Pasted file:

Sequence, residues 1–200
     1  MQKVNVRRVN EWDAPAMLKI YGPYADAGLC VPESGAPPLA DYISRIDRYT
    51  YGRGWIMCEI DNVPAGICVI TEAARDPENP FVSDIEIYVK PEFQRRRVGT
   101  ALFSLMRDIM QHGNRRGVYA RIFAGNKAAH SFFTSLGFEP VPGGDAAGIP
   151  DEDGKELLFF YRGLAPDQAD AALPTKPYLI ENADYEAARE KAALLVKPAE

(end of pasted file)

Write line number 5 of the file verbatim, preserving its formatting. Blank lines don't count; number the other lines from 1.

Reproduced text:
   151  DEDGKELLFF YRGLAPDQAD AALPTKPYLI ENADYEAARE KAALLVKPAE